showed that 11 of 30 top Japanese industries – steel and power among them –
    risked failing to reach targets unless they take drastic steps.

    Officials made solemn pledges Tuesday to fulfill
    Japan’s treaty requirement to cut emissions of carbon dioxide and other gases by
    6 percent below 1990 levels by 2012.

    The Cabinet will draw up concrete plans by May,
    Environment Minister Yuriko Koike said.

    Some officials are pondering a ”carbon tax” to
    punish polluters – a move opposed by business – while others favor expansion of
    nuclear power and promotion of energy-saving technologies.

    Japan also has been especially active in carbon
    trading – a system under which governments have allocated carbon dioxide quotas
    to industrial facilities. Those which emit less gas can sell the ”credit” to
    other companies who emit too much.

    Makoto Katagiri, whose Natsource Japan is acting
    as a credit broker between Japanese and foreign companies, estimated in a study
    for the World Bank that Japan bought 41 percent of the carbon credits on the
    international market last year.

    ”From this figure, you can imagine how serious
    the Japanese companies (are),” Katagiri said.


    Campaigners target US over Kyoto
    Protesters have marched in London in support of the
    Kyoto Protocol, the international agreement on emissions coming into force on

    Police said about 500 people had marched to the United States
    embassy, carrying flags of the 136 countries that have ratified the treaty.

    The US, the world’s largest polluter, withdrew from the treaty
    in 2001, citing economic concerns.

    The protocol, agreed in 1997, sets legally-binding emissions

    Nearly 180 nations have signed up, but some have not yet
    formally ratified it.

    The coming into force of the Kyoto
    Protocol is something to be celebrated

    Phil Thornhill, Campaign Against
    Climate Change

    It binds industrialised nations to reduce worldwide emissions of
    greenhouse gases by an average of 5.2% below their 1990 levels over the next

    The treaty nearly stalled after the US, which created 36% of
    emissions in 1990, pulled out.

    The protocol needed to be ratified by countries who were
    responsible for at least 55% of the world’s carbon emissions in 1990 to come
    into force. However, in 2004 Russia agreed to sign up, allowing that requirement
    to be met.

    Phil Thornhill, of the Campaign Against Climate Change, which
    organised the march, said: “We want to express just how aghast we are the US is
    not joining the rest of the world.

    “Scientists say we have about 10 years to save the environment,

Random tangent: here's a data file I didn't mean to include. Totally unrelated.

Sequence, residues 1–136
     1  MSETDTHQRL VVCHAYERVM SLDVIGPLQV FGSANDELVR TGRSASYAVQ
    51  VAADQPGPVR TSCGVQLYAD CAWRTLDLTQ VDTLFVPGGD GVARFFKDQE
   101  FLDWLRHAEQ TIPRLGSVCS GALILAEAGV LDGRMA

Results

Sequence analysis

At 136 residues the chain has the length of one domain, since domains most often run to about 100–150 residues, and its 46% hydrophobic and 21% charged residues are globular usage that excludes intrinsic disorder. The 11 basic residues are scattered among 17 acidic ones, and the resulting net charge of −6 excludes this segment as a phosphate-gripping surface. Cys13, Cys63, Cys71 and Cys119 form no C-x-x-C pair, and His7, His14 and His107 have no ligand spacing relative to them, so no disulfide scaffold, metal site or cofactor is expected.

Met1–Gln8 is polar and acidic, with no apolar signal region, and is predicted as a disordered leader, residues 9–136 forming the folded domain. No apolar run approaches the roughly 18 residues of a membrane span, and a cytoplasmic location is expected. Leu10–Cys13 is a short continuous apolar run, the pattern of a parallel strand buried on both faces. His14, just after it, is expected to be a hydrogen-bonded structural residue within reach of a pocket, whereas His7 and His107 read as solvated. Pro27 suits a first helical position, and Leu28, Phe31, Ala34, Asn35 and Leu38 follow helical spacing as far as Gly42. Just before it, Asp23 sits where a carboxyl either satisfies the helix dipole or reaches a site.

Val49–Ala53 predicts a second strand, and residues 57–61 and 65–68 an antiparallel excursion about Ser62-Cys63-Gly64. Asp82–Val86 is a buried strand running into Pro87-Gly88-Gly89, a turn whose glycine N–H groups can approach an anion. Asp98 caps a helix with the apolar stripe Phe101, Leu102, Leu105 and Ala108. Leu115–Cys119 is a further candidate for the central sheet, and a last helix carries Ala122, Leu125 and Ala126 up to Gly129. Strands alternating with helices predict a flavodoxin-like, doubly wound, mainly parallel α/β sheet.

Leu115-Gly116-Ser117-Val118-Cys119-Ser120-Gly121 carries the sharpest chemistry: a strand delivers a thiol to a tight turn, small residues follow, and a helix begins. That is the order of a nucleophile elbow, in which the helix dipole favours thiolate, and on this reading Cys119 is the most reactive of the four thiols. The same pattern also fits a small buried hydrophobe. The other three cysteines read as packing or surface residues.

we really have to change the rate at which we act.”

    Green MEP Caroline Lucas said it was time to get tough with

    “By refusing to sign up to Kyoto, the US is demonstrating – yet
    again – that it is a rogue state pursuing its perceived national self-interest
    to the exclusion of the peoples of the rest of the world.

    “This is unacceptable and the world community must now look at
    ways of holding the US accountable for damage its isolationist policies are
    inflicting on the rest of the world,” she added.

    Friends of the Earth director Tony Juniper said: “We are here to
    protest against the Bush administration and celebrate the fact Kyoto will come
    into force this week, despite the Bush administration trying its hardest to kill

    The US is correct in
    its decision of continuing to innovate and invest in new technologies that can
    bring us to a cleaner and more efficient future 

    International Policy

    Lib Dems environment spokesman Norman Baker told the crowd it
    was “appalling” only 3% of energy in the UK came from renewable sources.

    But Kendra Okonski of the International Policy Network, said the
    US was taking the right route.

    “Kyoto is a very bad investment, because it is very costly today
    and only brings benefits far in the future.

    “The US is correct in its decision of continuing to innovate and
    invest in new technologies that can bring us to a cleaner and more efficient
    future, for the whole world not just for the US or Europe.”

    In Edinburgh, campaigners held a “climate carnival” to highlight
    the effects of global warming.

    Police said about 25 protesters turned out.

    Some were dressed as mosquitoes, which they say are being found
    further north as climate change takes effect.